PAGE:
The silence continued until we reached the metal doors of the basement. The sun is completely gone and the moon is large and bright, which has caught Reese's attention. I turn to let her down the steps first, but she's staring up to the sky with a small smile stretched across her lips. I realize now she hasn't seen the moon or the stars in three years. "The only normal thing in my life right now is the sun and the moon," she says.
"I hear ya." I take her by the elbow and tug her down the steps. I flip the lights on first and close the doors behind her. "Stay here for a second." Taking a lap around the basement, I check everything to make sure no one got in. The prisoners know not to come down here, but the caretakers also used to do a much better job of securing the safe area. No one secures shit now. Regardless, most of the prisoners stay out only for the fact that they know what will happen if they're caught. Oddly enough, everyone here fights for their survival, with some kind of fake hope that they're going to get out of this place alive.
"Coast is clear."
I grab mom's old mattress out of the corner and drag it to the middle of the floor. I look around for some sheets, but I don't see anything, so I open the closet back up—the one place that kills me to look inside of. There's a blanket on the top shelf, which I grab quickly before closing the door—blocking Mom's scent back out.
"I've got a blanket. It'll have to do," I tell her.
"Sin, I have slept without a blanket for three years. This will feel like heaven."
She kicks her boots off and curls up on the edge of the mattress, folding her hands under the side of her face. She looks content. I wish I could feel content.
I sit down on the floor and lean my back up against the wall. When I let out a sigh of relief after this God-awful day, Reese opens her eyes, looking at me with question. "I don't bite," she says. "You don't need to sleep sitting up against the wall. Plus, you should rest your head."
"I didn't want to assume anything," I say. Some of the times, she seems more mature than I am. Other times, I know she's missed out on everything between the ages of fifteen and eighteen. I want to be mindful of that.
"I think it would be okay if you slept beside me," she says softly. "In fact, I think I might like it if you would."
The way her words sound on her tongue make me question what will happen if I do sleep next to her. Maybe I shouldn't wonder. I stand up and walk over to the mattress, keeping my focus glued on her eyes for any hint of uncertainty.
But there is none of that.
I lie down beside her and she turns over to face me. "Thank you for saving me," she says.
"Thank you for taking care of me today," I tell her.
Her hand loops around my neck as she scoots in closer to me. "You know, this whole thing sucks so much, but there is some good mixed in with it all."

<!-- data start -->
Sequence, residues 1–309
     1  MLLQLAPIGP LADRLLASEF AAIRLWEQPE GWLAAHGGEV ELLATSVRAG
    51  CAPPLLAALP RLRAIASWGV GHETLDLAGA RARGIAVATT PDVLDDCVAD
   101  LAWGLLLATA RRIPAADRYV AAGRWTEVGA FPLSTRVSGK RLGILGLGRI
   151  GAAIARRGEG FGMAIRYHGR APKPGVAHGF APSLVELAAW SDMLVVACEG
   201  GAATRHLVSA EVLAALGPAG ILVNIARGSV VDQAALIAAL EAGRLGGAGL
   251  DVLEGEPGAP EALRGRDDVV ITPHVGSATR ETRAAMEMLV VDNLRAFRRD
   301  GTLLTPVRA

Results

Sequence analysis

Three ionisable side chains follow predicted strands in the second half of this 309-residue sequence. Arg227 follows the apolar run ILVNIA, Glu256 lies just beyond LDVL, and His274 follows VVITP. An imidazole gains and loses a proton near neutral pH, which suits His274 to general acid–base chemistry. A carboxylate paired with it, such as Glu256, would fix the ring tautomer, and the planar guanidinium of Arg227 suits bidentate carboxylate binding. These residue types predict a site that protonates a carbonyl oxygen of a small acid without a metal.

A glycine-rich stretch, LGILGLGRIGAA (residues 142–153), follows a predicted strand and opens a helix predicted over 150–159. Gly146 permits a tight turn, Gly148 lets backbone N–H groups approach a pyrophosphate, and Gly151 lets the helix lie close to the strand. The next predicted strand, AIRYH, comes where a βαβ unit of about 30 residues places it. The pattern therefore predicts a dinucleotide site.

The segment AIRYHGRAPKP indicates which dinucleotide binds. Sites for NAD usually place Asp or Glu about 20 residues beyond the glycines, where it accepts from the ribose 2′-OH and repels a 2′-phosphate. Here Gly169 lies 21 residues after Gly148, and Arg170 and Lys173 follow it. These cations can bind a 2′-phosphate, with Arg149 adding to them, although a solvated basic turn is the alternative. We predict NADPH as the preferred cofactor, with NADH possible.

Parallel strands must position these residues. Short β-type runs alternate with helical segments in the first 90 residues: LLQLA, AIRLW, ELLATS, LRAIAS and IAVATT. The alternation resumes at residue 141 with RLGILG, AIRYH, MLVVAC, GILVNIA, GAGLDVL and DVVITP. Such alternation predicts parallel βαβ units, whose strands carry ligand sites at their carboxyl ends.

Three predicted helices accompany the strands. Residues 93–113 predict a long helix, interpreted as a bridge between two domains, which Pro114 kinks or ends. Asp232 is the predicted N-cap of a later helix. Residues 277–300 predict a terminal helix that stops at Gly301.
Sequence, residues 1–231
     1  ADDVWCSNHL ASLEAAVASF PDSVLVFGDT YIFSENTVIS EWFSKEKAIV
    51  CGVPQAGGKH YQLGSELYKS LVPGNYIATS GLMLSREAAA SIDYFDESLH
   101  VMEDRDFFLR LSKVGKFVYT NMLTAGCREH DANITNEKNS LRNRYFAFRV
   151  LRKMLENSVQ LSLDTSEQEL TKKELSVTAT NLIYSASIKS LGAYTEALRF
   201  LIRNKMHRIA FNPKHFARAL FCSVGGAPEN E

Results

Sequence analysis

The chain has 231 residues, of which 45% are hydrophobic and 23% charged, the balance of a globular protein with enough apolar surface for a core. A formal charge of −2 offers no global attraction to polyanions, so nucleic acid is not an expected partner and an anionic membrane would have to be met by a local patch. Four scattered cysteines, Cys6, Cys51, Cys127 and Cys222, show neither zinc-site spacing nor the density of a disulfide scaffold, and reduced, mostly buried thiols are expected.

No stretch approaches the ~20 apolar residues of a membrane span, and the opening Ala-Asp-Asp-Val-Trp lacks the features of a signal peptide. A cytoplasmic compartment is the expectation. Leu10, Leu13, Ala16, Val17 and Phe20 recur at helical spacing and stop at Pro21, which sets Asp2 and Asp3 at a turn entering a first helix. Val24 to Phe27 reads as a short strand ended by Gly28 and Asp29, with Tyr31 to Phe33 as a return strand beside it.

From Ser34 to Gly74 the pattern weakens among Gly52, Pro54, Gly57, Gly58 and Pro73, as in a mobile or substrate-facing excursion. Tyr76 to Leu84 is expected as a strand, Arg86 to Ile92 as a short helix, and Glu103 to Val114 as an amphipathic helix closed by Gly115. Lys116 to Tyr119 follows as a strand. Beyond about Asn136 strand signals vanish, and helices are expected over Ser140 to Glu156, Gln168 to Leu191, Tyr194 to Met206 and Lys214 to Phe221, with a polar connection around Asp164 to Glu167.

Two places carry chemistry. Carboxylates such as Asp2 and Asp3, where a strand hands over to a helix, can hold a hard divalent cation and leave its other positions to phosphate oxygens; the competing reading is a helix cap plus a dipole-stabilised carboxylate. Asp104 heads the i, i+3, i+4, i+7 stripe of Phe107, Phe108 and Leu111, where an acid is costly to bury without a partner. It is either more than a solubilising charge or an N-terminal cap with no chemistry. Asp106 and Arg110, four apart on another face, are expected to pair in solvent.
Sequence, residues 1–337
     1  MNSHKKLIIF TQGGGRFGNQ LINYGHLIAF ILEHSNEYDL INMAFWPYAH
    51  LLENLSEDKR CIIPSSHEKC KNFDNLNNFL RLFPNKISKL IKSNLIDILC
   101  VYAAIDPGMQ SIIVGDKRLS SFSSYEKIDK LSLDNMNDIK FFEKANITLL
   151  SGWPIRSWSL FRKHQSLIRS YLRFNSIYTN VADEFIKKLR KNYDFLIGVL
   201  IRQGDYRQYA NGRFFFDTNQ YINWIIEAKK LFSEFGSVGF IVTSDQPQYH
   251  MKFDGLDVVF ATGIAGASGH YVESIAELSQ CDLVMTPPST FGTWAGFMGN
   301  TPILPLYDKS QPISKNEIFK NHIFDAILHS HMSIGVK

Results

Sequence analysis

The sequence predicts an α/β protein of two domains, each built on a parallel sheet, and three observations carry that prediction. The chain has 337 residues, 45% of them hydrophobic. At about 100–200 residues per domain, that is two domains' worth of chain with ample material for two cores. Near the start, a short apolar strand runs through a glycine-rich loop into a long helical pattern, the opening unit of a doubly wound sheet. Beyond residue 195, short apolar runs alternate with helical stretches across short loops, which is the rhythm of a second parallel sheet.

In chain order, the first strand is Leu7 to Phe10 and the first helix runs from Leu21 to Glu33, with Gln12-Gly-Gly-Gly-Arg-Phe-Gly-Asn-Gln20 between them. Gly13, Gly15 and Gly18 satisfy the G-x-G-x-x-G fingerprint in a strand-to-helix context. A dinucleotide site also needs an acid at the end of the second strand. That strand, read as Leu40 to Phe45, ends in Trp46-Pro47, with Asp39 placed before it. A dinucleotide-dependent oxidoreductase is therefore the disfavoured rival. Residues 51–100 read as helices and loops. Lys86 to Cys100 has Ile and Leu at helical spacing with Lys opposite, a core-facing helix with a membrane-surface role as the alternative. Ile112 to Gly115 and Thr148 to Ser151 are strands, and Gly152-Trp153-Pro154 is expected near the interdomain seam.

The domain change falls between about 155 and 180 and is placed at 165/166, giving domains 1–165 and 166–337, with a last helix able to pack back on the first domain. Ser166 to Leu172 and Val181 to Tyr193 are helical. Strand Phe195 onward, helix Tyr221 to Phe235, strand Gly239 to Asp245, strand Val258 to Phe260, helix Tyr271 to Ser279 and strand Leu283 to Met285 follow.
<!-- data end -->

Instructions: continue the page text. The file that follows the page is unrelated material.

"What's that?" I ask.
"You." She leans in and kisses me gently. Her gentleness is a hardcore turn on.
I wrap her in my arms and kiss her harder, parting her lips with my tongue, savoring the taste. I slip my hands under the back of her shirt, noticing how her skin feels like silk against my hands. This wasn't in my cards. I'm cheating the system and winning big. Freeing my hands from her body for just a second, I pull my shirt over my head, and she quickly follows my lead with hers, pulling the straps of the overalls off and then her shirt. I pull her back into me, needing to feel her skin against mine. The second contact is made, it's like I’m feeling the sun for the first time after being locked up in the dark. It's like a warm day after a winter's freeze.
I kiss her neck, hearing a small moan escape her lips, which encourages me to kiss lower until I reach the cotton of her thin bra. "I've never done—" she breathes.
"I know," I interrupt her. My experience is also limited with being locked up at eighteen, but I don't need experience to know what I want to do. Traveling down her torso until I hit the waistband of her pants, I tug gently, letting them fall to her knees. I place a kiss on her hip bone as her waist lifts from the mattress. Her breaths quicken, telling me this is okay. And thank God this is okay because I just realized how badly I need this girl. With my finger curled around the waistband of her panties, I tug those down as well.
"Sin," she cries. "What's that?"
"What?" I ask, looking over at her.
"That!" she yells, pointing over to the corner.
***Recommended for anyone 18+ due to upcoming dark themes and adult language***
Don’t forget this is an interactive story. Each week you have a chance to lend ideas to Shari’s story. Check out her website for more details. And click HERE to leave comments on this week’s Episode.
Stay tuned for the FINAL episode… it will air on Friday on Shari J Ryan's blog!
About the Author:
Shari J. Ryan is an Amazon Top 100 Bestselling author, a Barnes & Noble Top 10 Bestselling author, and an iBookstore #1 Bestselling author.
She hails from Central Massachusetts where she lives with her husband and two lively little boys. Shari has always had an active imagination and enjoys losing herself in the fictional worlds she creates. When Shari isn’t writing, she can usually be found cleaning toys up off the floor.
To learn more, visit her at, www.sharijryan.com.
Brought to you by the Author, Shari J Ryan and Paging Through The Days.